How Am I Feeling?
So much better!  A huge thank you goes to all the people praying for this baby and I!  We had a little scare a month ago with another blood clot in my leg but since then I've had an amazing turn around.  Thanks to some creative suggestions by my midwives and a lot of prayers, I've really been feeling great.  The combination of  holistic medicine, excercise, compression stockings, witch hazel and arnica cream have made me feel like a new person.

I had a feeling this little babe might be a little lady...more nausea, carrying differently, having baby girl dreams,  and everyone saying it was a girl...but Braydon and I wanted to find out for sure.
I will never forget laying at our last ultrasound and pointing out to the tech that indeed I was having a girl.  I can't wait to add a little lady to our family, and Braydon will admittedly say he's excited but a bit nervous....dolls, dresses, boyfriends, teenage emotions, weddings....are just a few thoughts running through his mind.

Cravings or Aversions?
 I'm absolutely obssessed with one of our local restaurants and have loved it ever since it opened in Linden Hills (now located at 50th and France in Edina).  But this pregnancy has brought my love for 'Rice Paper' to a whole new level.  I honestly crave their spring roles, amazing salads and flavorful main dishes everyday. I would go there for every single meal if I could.  
I'm also loving smoothies, yogurt, grapefruit, bananas, trail mix and chocolate milk.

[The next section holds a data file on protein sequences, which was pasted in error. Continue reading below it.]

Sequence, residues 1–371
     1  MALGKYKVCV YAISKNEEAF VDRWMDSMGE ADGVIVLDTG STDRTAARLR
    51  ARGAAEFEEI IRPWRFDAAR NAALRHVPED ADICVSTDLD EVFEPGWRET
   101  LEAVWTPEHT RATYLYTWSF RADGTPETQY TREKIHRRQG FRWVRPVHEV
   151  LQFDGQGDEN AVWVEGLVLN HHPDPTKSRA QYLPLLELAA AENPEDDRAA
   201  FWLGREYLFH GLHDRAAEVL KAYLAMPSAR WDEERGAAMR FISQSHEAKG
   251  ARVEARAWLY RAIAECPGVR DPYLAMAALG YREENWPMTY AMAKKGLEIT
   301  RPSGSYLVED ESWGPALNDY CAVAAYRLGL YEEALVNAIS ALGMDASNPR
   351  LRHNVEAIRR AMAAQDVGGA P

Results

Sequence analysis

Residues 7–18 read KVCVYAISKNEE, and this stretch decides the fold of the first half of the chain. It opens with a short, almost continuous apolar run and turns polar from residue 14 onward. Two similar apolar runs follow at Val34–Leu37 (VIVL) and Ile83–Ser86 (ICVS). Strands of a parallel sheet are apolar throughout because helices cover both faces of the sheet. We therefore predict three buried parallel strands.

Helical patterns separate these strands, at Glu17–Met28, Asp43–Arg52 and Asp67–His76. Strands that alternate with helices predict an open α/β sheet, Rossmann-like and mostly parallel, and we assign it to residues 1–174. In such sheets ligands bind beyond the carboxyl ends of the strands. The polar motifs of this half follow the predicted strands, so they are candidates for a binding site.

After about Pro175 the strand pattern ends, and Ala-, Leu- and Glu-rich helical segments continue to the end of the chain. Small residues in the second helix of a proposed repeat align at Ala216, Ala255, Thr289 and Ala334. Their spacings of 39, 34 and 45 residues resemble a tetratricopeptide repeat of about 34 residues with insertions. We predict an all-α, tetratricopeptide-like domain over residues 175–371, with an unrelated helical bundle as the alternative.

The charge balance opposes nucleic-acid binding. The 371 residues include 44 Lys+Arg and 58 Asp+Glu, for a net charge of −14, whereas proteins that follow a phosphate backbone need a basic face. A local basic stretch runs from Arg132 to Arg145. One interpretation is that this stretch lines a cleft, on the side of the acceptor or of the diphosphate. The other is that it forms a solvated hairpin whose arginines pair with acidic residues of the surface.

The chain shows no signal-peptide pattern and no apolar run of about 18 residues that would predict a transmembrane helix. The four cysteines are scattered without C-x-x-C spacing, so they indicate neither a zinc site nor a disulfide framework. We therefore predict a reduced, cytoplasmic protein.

I'm not feeling fish, chili, anything with tomato sauce, and anything with a lot of meat.

What Am I Reading?
 I've recently read 'Final Gifts' by Maggie Callanan and Patricia Kelley and 'Redeeming Love' by Francine Rivers.  Final Gifts is a book full of testimonies written by families and hospice nurses encountering loved ones at the end of life.  The true stories emphasize the critical need to listen to those who are dying.  Even in the midst of a cloudy haze or a state of confusion, the dying have powerful and meaningful words.  Those who are dying often possess a final gift to their loved ones, whether in words, actions or metaphors, we must listen attentively and act accordingly in order to honor their final wishes.
Redeeming Love is a widely popular Christian fiction novel based on the biblical story of Hosea.  Its a powerful testimony of God's everlasting, constant love for those who believe in Him.

Best Moments?
 Playing outside with Kip is awesome.  He is loving the snow and sledding all over the yard.
  Kip's daycare coincidentally had 'beach day' on our last -20 degree day.  They donned their swimsuits with the heat turned up to 80 degrees in their classroom.  He had a blast building sandcastles, laying on beach towels and going fishing in a baby pool.

Looking Forward To?

 The weather warming up enough to go skating, make a snow fort and enjoy all the snow we've accumulated.